The British censors allow wealthy streaming giants to self-certify at a reduced cost, while still bleeding physical media distributors dry.
The British Board of Film Classification has just issued another self-congratulatory press release about how they have convinced yet another platform – this time Amazon Prime – to take on their ratings rather than having content either unrated or else using non-BBFC standard age classifications. This follows a similar triumph for the constantly-lobbying censors with Netflix a while ago and increases the Board’s stranglehold on film and TV, boosting their importance and their finances – which streaming video threatened to severely dent – under the guise of having a uniform rating system across all media.
The BBFC has always been very good at hyping the importance of their specific ratings, which they tell us are the result of mass consultation (i.e. public opinion surveys) and which are the result of a century of experience even though they change every few years based on whatever the general public are fretting about at that time and have shown a wild inconsistency, with films deemed beyond the pale at one point passed uncut less than five years later and age ratings of movies going up and down for no good reason beyond current trends and modern panics. As they constantly tell us, 90% or so of people think age ratings are as important for streaming as they are for physical media and that similar numbers think the BBFC are just the best at providing such services. Just how the questions are posed and what alternatives are also suggested remain mostly undiscussed points. The BBFC’s suggestion is that only they are capable of making such decisions, but while age ratings and content advice are certainly useful as advisory warnings, there is little evidence that this can’t be done by other organisations, including the streaming service/broadcaster. Channels like Talking Pictures TV offer a BBFC-style age rating system (no one ever seems to step outside the U/PG/12/15/18 format despite there being significant criticisms of its rather arbitrary age restrictions) and warnings of strong language, nudity, violence and ‘outdated views’ for those people who might be taken by surprise that a 1960s TV show does not reflect current attitudes. If anything, this system is overly cautious – the trigger warnings tend to be standard procedure, with some channels repeating them after every commercial break in the hope of mitigating any malicious viewer complaints to OFCOM. Clearly, there is no need to pay the BBFC to do this for you, but the Board has successfully convinced the government otherwise, and so streaming channels (but not, you might note, regular TV channels) are now being ‘encouraged’ to adopt BBFC age ratings – which means making an agreement with the BBFC rather than doing it themselves.
I don’t have a particular problem with Netflix, Prime etc adopting BBFC ratings based on the Board’s guidelines as long as it stops at ratings – the BBFC have a tendency to make cuts to allegedly ‘dangerous’ content that has not been proven to actually be dangerous and still ban films outright, and if that level of interference starts to take place we might have cause for concern. At this stage, it seems unlikely because Netflix and Prime will not have to actually submit content to the censors. Rather, they will self-certify based on BBFC guidelines – and good luck there, given how wildly vague and inconsistent they are. Given that we know that many BBFC ratings are the result of split votes, with their ‘expert’ censors often unable to reach a unanimous decision as to whether a film should be a 15 or an 18, for instance – so you can probably expect some wild inconsistency from the streamers’ ratings that are likely to be based on algorithms rather than a couple of people sitting down to view the film and then debate the nuances of where it falls on the rating scale. But I’m sure that, for the most part, it will err on the side of caution and be adjustable if ‘mistakes’ are made. It is not really in the interests of Netflix and Prime to underrate content, so if anything there will more likely be more content rated 18 than is necessary than less.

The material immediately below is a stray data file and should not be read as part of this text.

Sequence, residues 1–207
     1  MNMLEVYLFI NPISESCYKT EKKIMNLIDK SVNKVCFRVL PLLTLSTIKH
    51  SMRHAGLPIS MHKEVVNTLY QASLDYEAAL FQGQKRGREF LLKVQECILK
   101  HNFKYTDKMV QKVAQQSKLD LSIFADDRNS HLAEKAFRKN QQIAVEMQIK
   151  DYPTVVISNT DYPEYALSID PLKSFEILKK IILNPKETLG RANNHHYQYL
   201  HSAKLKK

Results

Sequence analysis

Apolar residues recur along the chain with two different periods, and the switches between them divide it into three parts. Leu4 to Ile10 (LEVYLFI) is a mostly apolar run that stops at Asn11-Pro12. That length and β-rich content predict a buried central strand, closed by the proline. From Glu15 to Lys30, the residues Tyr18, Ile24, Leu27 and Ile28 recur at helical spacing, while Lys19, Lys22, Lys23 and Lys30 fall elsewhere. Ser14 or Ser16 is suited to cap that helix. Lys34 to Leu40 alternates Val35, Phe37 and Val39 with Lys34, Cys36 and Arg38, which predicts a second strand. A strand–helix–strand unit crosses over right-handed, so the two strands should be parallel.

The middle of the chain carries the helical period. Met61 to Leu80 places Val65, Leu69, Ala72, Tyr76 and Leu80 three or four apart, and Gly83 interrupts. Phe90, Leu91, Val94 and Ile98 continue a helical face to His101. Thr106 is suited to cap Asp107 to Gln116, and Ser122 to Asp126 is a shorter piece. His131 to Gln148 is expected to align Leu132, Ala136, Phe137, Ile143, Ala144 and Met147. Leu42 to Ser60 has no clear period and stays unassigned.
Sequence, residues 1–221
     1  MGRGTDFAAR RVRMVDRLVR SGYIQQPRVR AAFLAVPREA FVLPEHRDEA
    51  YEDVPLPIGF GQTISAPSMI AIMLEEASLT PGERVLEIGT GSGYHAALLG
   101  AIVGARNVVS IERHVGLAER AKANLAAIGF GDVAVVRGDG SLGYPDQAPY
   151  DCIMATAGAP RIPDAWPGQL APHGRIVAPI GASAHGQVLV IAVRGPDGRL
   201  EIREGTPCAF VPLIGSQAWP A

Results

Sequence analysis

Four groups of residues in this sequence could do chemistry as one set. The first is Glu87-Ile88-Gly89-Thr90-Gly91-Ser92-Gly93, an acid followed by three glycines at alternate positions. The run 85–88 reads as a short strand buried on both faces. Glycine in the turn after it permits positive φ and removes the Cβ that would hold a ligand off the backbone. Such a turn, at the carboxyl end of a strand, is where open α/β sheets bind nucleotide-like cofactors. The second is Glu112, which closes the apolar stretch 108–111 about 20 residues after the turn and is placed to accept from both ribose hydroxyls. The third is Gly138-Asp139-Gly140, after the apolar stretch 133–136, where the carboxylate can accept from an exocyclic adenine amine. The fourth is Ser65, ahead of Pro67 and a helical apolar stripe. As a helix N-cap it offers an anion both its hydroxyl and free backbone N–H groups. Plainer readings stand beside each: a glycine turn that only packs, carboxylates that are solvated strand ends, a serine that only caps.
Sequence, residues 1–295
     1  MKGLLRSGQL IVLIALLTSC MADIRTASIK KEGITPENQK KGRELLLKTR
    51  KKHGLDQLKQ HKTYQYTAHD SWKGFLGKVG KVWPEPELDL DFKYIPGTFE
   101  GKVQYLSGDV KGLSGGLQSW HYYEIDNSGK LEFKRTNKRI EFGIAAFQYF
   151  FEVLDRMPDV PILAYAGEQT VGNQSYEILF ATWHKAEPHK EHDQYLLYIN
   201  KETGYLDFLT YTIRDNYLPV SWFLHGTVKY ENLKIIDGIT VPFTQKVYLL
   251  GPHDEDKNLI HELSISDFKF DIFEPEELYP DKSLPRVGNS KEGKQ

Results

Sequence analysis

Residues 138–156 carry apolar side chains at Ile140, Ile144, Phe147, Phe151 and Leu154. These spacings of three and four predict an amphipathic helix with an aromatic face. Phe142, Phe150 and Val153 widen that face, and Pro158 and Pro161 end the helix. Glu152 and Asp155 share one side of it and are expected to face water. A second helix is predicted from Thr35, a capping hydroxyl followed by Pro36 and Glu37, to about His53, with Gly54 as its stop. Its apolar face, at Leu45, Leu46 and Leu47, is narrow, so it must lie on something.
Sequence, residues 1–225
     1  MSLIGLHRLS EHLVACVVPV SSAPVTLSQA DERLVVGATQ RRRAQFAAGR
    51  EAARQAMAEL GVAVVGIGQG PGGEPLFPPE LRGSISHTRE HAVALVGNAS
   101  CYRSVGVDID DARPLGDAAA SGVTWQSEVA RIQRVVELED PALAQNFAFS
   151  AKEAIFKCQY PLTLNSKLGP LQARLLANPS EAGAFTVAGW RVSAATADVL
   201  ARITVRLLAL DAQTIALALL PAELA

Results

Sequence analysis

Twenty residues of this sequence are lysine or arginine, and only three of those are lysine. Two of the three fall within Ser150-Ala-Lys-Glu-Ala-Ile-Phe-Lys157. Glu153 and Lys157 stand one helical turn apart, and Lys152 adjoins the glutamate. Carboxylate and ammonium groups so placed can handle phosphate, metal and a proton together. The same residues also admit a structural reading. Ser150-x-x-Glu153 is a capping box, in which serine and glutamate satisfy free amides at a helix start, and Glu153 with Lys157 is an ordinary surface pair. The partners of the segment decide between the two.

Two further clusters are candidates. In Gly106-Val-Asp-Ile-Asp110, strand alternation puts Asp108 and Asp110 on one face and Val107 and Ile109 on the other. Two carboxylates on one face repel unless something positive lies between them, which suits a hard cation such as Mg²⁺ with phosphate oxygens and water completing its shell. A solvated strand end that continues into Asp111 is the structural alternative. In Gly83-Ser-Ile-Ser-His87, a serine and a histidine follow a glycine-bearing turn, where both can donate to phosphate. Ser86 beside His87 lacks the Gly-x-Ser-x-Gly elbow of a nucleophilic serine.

But of course, this just takes us back to the complaint that we’ve made before. If streaming services can self-certify based on BBFC guidelines, why can’t the distributors of physical media? If you want to release anything on Blu-ray that doesn’t fit into the increasingly narrow definition of ‘exempt’ (mostly sport, education, bland music and non-contentious documentary content), you’ll have to pay £8.65 – plus VAT – a minute. Yet with the decline of physical media as a mainstream format and with very few non-specialist stores even selling films on disc any more, there’s a strong argument to be made that this content is less widely available – and less likely to be casually consumed by possibly underage viewers – than ever. Yet these films – even the ones only sold through mail order – still have to submit everything to the BBFC for approval. Why, we could ask, can’t video labels also self-certify? It would help out a beleaguered industry that is already feeling the financial pinch and allow a wider variety of content to become available – more uncommercial and niche content that right now is simply not worth the effort because the BBFC fees make the difference between profit and loss.